Patrick Lynch left his associate trading job at Morgan Stanley in London to join a fast-growing start-up three years ago. This move is now so common that it’s bordering on cliché, but Lynch is not a typical Wall Street escapee.
For a start, Lynch was an evangelist for Morgan Stanley during his time there. He represented the bank at recruitment events and guided interns into full-time jobs. He’s even persuaded his younger brother, who is due to start at J.P. Morgan this year, that investment banking is the place to be.
“Unlike most people who leave investment banking, I loved it and continue to believe it’s a great place to start your career,” he says. Unfortunately for the banks, it also helps train people up for the demands of working for a start-up.
“It’s a great training ground, particularly the trading floor,” he says. “You learn professionalism, attention to detail, operating under pressure. Things come at you thick and fast and you learn to prioritise and make the right decisions. These are great skills to have in a start-up.”
When Lynch left Morgan Stanley in September 2014, he hopped on a plane to the Philippines to join former banking colleagues at CompareAsia – a MoneySuperMarket-like website for South East Asia. 11 months later, and he’s launched First Circle, the first online bank in the region that lends to SME companies in the Philippines.
But Lynch’s links to investment banking – and to London – persist. Jorrit Coop, his co-founder, also came from Morgan Stanley, while Tim Glynn, who works in finance for First Circle, was a former Goldman Sachs associate. Other senior members of the team came from Mckinsey and Accenture.
First Circle has 25 employees and is continuing to hire. But, unusually for an online corporate bank in Asia, it’s trying to hire from investment banks in London. It has a ‘venture associate’ recruitment program. The perfect hire, says Lynch, is someone who has two years investment banking experience under their belt in the UK. It's also hiring for a VP of finance and is seeking someone with at least four years' corporate finance experience.
“Part of this is practical – we need great Excel and financial modelling skills,” he says. “But it’s also because of their way of working – they’re used to working in an unstructured environment, they have the right energy and can hit the ground running.”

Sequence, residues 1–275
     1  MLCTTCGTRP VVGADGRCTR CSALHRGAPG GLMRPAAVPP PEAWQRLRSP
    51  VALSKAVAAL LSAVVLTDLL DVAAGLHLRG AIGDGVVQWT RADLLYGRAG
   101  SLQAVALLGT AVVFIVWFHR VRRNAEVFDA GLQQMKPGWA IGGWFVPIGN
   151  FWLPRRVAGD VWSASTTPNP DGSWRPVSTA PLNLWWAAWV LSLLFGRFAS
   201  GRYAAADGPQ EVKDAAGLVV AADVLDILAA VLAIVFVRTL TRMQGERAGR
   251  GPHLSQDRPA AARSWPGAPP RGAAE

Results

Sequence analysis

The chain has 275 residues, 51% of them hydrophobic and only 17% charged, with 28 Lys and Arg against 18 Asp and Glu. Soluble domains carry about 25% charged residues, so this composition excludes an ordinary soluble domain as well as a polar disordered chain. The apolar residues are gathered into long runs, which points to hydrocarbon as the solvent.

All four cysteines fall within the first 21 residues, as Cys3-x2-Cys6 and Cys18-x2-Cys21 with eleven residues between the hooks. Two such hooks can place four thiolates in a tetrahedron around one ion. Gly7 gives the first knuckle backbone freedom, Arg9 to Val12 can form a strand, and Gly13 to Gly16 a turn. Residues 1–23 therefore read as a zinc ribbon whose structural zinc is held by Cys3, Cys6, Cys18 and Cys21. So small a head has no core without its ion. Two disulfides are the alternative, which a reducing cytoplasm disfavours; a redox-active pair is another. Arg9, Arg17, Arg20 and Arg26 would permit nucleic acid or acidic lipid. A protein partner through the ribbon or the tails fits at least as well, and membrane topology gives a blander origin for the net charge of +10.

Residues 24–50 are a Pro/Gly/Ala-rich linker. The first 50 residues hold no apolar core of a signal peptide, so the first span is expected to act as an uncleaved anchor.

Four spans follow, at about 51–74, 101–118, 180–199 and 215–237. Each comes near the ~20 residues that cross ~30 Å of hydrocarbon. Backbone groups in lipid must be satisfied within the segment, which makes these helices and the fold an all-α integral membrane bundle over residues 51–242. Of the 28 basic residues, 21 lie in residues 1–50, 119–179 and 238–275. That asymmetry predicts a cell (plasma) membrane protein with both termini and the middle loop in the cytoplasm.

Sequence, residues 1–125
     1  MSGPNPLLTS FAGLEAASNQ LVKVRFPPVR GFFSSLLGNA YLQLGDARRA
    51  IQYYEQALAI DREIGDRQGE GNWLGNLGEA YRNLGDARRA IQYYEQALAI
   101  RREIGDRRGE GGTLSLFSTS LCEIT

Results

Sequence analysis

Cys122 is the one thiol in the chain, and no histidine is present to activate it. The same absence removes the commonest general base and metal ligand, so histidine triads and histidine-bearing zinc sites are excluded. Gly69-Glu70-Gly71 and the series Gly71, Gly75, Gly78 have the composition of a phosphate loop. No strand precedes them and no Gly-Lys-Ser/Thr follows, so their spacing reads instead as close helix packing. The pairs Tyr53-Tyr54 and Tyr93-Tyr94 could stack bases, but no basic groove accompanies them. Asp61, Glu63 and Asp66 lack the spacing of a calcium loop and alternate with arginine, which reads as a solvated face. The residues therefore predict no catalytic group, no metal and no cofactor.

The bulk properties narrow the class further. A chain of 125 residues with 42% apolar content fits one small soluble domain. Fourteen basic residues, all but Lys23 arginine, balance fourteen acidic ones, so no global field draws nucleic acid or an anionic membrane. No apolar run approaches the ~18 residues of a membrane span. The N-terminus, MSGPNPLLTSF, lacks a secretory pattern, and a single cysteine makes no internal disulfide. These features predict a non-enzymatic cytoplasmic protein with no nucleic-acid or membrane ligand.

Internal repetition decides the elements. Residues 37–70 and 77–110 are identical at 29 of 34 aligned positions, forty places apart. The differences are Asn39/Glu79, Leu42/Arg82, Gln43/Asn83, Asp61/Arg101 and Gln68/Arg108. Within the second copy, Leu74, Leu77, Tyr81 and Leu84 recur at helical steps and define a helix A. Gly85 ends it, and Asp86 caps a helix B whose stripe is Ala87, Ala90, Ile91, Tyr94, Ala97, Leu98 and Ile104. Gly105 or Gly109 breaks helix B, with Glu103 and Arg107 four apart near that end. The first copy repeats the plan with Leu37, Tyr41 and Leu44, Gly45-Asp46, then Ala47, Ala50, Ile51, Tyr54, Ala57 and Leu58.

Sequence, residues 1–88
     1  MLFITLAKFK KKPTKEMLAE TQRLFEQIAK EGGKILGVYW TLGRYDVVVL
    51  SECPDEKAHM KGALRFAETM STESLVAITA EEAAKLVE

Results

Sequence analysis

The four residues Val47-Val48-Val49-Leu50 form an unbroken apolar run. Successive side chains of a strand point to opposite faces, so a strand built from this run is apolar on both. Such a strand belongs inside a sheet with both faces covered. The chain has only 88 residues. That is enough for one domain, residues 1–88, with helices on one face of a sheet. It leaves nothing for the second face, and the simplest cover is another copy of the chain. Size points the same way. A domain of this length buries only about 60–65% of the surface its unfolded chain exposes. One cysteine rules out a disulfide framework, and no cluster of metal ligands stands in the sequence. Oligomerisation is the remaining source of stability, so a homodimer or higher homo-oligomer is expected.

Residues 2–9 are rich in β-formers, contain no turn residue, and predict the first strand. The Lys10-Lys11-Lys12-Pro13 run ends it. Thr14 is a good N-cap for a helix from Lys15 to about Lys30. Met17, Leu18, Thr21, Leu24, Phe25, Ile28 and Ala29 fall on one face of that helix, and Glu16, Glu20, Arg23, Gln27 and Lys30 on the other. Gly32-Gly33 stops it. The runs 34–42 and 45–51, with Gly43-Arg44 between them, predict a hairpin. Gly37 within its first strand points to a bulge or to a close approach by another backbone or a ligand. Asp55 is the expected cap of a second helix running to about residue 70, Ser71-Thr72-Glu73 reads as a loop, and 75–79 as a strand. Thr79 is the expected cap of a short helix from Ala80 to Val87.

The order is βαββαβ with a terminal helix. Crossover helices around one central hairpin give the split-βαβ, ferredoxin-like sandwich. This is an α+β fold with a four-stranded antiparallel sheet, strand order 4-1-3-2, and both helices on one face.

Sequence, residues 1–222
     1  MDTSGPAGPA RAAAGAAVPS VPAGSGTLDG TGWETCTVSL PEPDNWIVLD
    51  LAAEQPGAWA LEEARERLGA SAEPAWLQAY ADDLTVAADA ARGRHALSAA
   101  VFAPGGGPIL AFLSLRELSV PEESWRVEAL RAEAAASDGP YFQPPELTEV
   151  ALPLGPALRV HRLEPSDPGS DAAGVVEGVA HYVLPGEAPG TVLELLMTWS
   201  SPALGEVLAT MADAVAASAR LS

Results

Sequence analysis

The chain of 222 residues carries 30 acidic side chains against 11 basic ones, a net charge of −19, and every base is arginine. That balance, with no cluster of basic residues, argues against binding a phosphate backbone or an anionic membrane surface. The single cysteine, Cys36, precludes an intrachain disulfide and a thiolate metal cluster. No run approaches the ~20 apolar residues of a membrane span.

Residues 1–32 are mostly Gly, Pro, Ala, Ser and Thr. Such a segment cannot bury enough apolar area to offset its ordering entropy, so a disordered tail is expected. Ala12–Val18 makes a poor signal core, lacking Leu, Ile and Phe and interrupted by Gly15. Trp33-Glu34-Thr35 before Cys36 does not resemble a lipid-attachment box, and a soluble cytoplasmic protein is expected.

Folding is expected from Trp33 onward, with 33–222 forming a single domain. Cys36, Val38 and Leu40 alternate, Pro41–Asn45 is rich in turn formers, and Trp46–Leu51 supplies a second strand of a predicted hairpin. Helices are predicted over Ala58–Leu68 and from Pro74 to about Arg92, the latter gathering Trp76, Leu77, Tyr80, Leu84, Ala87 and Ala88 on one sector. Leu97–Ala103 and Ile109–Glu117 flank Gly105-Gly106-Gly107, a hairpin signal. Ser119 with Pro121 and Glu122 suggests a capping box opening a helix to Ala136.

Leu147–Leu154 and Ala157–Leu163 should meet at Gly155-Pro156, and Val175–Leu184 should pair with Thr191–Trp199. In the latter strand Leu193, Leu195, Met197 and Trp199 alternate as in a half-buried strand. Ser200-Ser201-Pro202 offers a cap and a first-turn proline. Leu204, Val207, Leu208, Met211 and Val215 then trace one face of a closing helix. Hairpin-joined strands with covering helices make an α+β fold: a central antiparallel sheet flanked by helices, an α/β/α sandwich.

Lynch is hoping that investment bankers in London, tired of long hours, shaky job prospects and the looming impact of Brexit on financial services, will feel inspired to make the move to Asia.
It’s obviously a big gamble to quit a big bank for a start-up in Manila, but Lynch is appealing to a sense of adventure and bankers’ nose for an opportunity. The Philippines is woefully under-banked – Lynch estimates that 20% of the population have a bank account – and he’s counting on getting in early.
“Companies here generally grow through retained earnings and this is very slow,” he says. “If they want to borrow money now, they try a bank – which won’t lend to them because they have no collateral – or go to a loan shark that charges them 20% per month.”
First Circle is a commercial venture. It has around 200 clients currently and Lynch says that the aim is to have thousands before the end of the year. But, he says, it’s also a social enterprise – not only is the aim to keep small business owners away from exploitative loan sharks, but the money they lend will ultimately help these people feed their families and send their children to school.
How does it work? It has partnered with a lot of local e-commerce platforms to alert small business owners to First Circle's existence. SME business owners who have been refused credit from a traditional bank are sent an email encouraging them to apply to First Circle.
“We can underwrite a loan in the space of a few minutes, providing capital that can help a business grow,” he says. “The strange thing here is that the country is really under-banked, but because it’s a young population they’re also very tech-savvy.”
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